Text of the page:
The ecological footprint measures human demand on the earth's ecosystems. It represents the amount of biologically productive land and sea necessary to supply the resources a human population consumes.
Wim Verbeke of Ghent University says that practically everybody who took part in the research indicated that they made some effort to limit their ecological footprint: "People sort their rubbish and try to reduce energy consumption and insulate their homes. Often these are measures for which there is a financial incentive."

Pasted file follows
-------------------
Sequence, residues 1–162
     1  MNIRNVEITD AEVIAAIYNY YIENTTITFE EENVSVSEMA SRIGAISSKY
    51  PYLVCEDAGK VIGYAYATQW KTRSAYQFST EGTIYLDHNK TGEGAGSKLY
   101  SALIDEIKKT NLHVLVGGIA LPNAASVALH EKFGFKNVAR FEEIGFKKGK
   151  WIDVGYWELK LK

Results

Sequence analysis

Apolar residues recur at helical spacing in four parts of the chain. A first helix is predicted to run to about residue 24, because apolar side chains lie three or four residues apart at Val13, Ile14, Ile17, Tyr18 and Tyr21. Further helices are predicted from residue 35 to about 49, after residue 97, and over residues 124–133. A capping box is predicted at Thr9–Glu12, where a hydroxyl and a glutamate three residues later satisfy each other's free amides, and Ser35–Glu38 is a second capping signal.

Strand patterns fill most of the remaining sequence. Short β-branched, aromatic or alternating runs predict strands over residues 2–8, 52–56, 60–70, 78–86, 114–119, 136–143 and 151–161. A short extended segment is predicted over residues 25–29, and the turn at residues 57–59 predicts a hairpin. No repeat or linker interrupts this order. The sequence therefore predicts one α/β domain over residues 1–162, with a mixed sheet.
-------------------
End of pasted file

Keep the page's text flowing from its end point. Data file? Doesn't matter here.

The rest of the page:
"All these small measures have given the impression that Flemings are on the right track, but by international comparisons we are not doing that well."
Wim Verbeke suggests more people could leave their car at home and turn the heating down a notch.
"Some Flemings are on the right track, but they need to get confirmation of this. People who aren't doing their part, need more information.